It wasn’t the core insight, since they were all the same. It wasn’t the strength of the logical argument or amount of proof offered. There were many that were stronger than the two in these regards. It wasn’t the promises made about how the prospect might benefit from the financial crises that were predicted. In general, the packages that made softer promises performed better overall.
The difference between the best and the rest was simply the way the copywriters framed and articulated the idea in the headline and lead.
There are many ways to introduce the Big Idea in a promotion. You can begin with a story or a secret or a prediction or a surprising fact. Each of these is an archetypal approach to beginning a sales pitch. (John Forde and I wrote a good book about this called Great Leads)
Within each of these archetypes there are countless possible articulations. You can, for example, conjure up all sorts of story leads. But most of them won’t work for a Big Lead packagebecause, for one reason or another, they will not have the power to move the prospect from where he is – intellectually and emotionally – when he reads the headline to where you need him to be at the end of the lead.
Getting back to our example of a financial newsletter promotion based on the prediction of an economic crisis, here’s how you do it…
When you sit down to write your promotion, you know who your prospect is. He believes that debt is bad and he is confused as to why the stock market is at an all-time high. That’s “where he is” intellectually. And “where he is” emotionally is feeling that the world is scary.
You write a headline that does its job and grabs your prospect’s attention. Now what? Now you have to move him from there to thinking that he wants and needs the product you are selling (a newsletter subscription).
To move him emotionally, you have to offer him not the materialistic promise of getting rich when the economy implodes but the promise of being a person of vision and conviction. (That is the deeper benefit that a good prospect for such a package would want.) And to move him intellectually, you have to say something that will feel big and new to him.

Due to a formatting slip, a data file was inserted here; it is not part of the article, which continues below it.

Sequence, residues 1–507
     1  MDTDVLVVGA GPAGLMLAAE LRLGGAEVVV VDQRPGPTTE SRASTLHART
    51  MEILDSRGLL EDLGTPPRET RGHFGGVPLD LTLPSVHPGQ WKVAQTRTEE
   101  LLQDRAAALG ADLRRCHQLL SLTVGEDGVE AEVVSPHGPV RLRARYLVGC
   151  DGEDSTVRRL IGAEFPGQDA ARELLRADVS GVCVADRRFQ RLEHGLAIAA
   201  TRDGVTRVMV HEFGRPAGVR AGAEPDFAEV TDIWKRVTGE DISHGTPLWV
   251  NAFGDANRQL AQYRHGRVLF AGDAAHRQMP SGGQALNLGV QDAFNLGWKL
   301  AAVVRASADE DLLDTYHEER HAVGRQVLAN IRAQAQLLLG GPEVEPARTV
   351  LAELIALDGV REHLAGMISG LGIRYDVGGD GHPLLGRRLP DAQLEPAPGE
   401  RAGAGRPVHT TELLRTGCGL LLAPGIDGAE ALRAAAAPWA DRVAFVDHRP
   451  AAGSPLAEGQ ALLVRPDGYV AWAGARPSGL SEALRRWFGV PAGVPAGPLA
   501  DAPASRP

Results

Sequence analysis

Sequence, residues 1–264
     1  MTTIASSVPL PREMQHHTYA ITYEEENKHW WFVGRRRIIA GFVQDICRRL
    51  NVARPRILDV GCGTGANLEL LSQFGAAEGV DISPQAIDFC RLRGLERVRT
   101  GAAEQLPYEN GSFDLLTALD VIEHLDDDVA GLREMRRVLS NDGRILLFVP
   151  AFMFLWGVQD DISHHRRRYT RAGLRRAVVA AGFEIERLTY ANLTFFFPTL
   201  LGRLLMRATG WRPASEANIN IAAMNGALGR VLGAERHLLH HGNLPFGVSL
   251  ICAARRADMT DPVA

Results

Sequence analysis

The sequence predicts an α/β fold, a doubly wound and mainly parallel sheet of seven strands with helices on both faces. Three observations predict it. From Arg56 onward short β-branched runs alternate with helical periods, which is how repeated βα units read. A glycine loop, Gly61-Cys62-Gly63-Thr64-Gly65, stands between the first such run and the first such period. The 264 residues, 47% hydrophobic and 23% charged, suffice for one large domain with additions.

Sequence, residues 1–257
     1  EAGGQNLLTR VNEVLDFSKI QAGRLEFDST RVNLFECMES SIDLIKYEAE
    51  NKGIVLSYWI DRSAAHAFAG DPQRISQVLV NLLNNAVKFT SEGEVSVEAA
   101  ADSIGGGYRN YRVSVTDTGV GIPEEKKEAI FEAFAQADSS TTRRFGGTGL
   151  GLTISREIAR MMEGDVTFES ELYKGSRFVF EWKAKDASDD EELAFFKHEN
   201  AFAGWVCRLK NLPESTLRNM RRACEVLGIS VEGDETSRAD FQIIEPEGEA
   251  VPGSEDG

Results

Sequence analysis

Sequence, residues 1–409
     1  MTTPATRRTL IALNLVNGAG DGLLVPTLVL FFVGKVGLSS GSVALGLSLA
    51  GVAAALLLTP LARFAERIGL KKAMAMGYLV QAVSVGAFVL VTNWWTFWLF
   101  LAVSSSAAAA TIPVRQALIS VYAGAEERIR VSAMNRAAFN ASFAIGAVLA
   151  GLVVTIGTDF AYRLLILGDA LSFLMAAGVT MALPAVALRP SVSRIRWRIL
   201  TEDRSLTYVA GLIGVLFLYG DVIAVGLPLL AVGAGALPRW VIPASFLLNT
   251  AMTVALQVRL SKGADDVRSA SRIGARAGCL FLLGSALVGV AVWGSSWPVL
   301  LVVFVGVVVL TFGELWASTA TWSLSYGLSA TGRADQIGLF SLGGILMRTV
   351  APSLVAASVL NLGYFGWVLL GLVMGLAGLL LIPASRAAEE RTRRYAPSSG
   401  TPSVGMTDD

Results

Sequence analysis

The two packages that did so well accomplished these requirements in spades. The first was titled “The Plague of the Black Debt.” The second, “The End of America.”
Notice that neither of these headlines sounds like something you would find in an economic treatise. Nor would you find them in an article in The Wall Street Journal. They both feel much bigger and more important than that.
Notice, too, that neither of them even mentions the promise of benefit. And they certainly don’t mention the potential for financial gain.
What they do promise is some interesting information – an explanation of how the insanely accelerating debt that the prospect is worried about will finally wreak havoc on the government and big financial institutions that have been meddling with the free market. The prospect gets an immediate payoff in the first 500 to 600 words of the lead, and is compelled to keep on reading.
The copywriters that wrote these packages understood something fundamental about Big Idea packages that most just do not get: that none of us really cares about getting rich. What we care about are the emotional and intellectual benefits that we imagine wealth will bring us.
Big Idea packages work precisely because they promise deep psychological benefits – benefits that cut through the artifice of profits and even wealth and take the prospect indirectly to a world where he has what he really wants.
And that’s why, when Big Idea packages work, they work like exploding stars.